I interviewed Jack LaLanne and his beautiful wife, Elaine, in February, 2007, for an article in ELDR magazine. Jack was then 92 and Elaine 81. In honor of Jack LaLanne, who died at his home on Sunday at age 96, I am republishing my interview. To me, Jack was one a truly great American and I'm am honored to have known him.
Meet Fitness Legends Jack and Elaine LaLanne
Elaine and Jack recently appeared in Times Square to celebrate Jack’s 92nd birthday. They were set up for three hours outside ABC’s studio under the giant Jumbotron, which was airing their juicer infomercial. People enjoyed samples of juices which were made with Jack LaLanne’s Power Juicer. The LaLannes also gave away books and signed autographs as people lined up for blocks waiting for a chance to see them.
For 34 years, Jack and Elaine appeared five days a week on The Jack LaLanne Show, where they convinced millions of people to join the fitness craze by exercising and eating a healthy diet based on fresh fruits and vegetables. In 1936, Jack opened America’s first health club in Oakland, California, called the “Jack LaLanne Physical Culture Studio.”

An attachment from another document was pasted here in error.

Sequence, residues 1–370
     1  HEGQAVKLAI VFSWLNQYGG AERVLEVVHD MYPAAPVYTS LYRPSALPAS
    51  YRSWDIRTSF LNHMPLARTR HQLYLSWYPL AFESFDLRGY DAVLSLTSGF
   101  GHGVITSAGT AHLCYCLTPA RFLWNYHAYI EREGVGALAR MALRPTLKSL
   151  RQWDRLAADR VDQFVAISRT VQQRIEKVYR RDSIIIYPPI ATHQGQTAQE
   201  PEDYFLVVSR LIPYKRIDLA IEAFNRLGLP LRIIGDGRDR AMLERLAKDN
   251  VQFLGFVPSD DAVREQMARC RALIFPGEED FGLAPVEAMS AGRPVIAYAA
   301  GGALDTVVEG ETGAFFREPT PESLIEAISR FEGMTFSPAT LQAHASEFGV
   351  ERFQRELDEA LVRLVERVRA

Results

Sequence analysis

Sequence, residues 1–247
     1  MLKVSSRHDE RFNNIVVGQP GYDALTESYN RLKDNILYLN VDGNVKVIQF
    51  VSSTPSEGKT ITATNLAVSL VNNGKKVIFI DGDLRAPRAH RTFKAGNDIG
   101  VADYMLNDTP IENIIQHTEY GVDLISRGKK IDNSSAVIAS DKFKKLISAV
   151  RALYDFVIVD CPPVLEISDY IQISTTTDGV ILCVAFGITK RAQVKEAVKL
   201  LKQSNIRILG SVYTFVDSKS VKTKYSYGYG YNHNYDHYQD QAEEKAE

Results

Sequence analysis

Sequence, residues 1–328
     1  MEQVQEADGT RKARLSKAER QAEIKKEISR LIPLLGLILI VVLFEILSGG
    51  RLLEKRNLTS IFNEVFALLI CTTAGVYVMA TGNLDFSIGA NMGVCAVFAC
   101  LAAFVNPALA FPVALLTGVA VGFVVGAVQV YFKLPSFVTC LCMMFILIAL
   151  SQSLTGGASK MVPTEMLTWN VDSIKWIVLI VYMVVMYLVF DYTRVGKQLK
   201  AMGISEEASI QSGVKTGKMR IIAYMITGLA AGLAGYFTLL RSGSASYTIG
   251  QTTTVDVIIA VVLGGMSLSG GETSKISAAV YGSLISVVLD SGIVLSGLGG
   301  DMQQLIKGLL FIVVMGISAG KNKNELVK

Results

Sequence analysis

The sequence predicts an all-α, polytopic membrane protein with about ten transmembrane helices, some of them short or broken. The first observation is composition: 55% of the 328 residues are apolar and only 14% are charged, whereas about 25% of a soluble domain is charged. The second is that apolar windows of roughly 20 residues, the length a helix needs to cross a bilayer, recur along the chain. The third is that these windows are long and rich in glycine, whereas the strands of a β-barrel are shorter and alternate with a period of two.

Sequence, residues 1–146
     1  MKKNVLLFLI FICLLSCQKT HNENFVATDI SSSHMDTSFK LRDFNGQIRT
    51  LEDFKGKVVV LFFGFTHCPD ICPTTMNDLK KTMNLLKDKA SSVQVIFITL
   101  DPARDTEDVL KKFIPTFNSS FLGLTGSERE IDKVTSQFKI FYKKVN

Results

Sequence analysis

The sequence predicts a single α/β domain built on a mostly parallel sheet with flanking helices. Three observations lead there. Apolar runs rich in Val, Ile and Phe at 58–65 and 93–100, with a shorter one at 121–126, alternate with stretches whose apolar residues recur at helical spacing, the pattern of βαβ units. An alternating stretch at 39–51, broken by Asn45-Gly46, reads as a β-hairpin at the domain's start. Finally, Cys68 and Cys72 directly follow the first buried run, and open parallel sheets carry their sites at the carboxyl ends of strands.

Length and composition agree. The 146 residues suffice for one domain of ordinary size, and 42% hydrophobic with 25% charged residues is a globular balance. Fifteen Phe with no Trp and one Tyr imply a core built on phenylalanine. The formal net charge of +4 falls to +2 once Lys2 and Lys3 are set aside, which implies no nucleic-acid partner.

Over the years, he invented many of the exercise machines that are common in today’s clubs, including the leg extension machine and the machines using cables. Through television shows, public appearances, and books—and by selling health-related products—they have been the most vocal and effective evangelists for preventive health the world has ever known.
There is little doubt that obesity, heart disease, diabetes and cancer rates, though alarming, would be even higher today if not for the Herculean efforts of Jack and Elaine LaLanne. Amazingly, at their “advanced” ages, they are now experiencing their most effective and successful time of life.
“This is the best year we’ve ever had,” Jack begins. “At 92, everyone wants us, they turn the crowds away and we always get standing ovations.”
“We work together so we can be together,” Elaine adds.